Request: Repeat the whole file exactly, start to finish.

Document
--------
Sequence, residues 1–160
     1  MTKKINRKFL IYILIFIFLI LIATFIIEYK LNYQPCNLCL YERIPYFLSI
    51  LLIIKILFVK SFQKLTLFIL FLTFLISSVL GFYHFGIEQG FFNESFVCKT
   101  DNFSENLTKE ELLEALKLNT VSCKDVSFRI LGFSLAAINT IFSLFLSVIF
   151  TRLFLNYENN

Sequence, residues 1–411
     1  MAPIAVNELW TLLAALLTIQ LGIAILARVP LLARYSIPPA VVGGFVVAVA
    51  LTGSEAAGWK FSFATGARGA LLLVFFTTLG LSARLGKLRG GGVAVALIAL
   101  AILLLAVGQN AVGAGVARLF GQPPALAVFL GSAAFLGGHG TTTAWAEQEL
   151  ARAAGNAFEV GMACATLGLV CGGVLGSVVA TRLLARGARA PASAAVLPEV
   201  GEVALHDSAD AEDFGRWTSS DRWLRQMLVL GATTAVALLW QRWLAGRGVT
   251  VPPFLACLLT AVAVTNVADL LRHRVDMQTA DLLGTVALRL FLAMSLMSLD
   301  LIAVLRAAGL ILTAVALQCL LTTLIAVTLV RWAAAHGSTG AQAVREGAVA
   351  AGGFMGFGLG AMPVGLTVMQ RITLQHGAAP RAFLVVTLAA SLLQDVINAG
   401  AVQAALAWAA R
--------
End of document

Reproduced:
Sequence, residues 1–160
     1  MTKKINRKFL IYILIFIFLI LIATFIIEYK LNYQPCNLCL YERIPYFLSI
    51  LLIIKILFVK SFQKLTLFIL FLTFLISSVL GFYHFGIEQG FFNESFVCKT
   101  DNFSENLTKE ELLEALKLNT VSCKDVSFRI LGFSLAAINT IFSLFLSVIF
   151  TRLFLNYENN

Sequence, residues 1–411
     1  MAPIAVNELW TLLAALLTIQ LGIAILARVP LLARYSIPPA VVGGFVVAVA
    51  LTGSEAAGWK FSFATGARGA LLLVFFTTLG LSARLGKLRG GGVAVALIAL
   101  AILLLAVGQN AVGAGVARLF GQPPALAVFL GSAAFLGGHG TTTAWAEQEL
   151  ARAAGNAFEV GMACATLGLV CGGVLGSVVA TRLLARGARA PASAAVLPEV
   201  GEVALHDSAD AEDFGRWTSS DRWLRQMLVL GATTAVALLW QRWLAGRGVT
   251  VPPFLACLLT AVAVTNVADL LRHRVDMQTA DLLGTVALRL FLAMSLMSLD
   301  LIAVLRAAGL ILTAVALQCL LTTLIAVTLV RWAAAHGSTG AQAVREGAVA
   351  AGGFMGFGLG AMPVGLTVMQ RITLQHGAAP RAFLVVTLAA SLLQDVINAG
   401  AVQAALAWAA R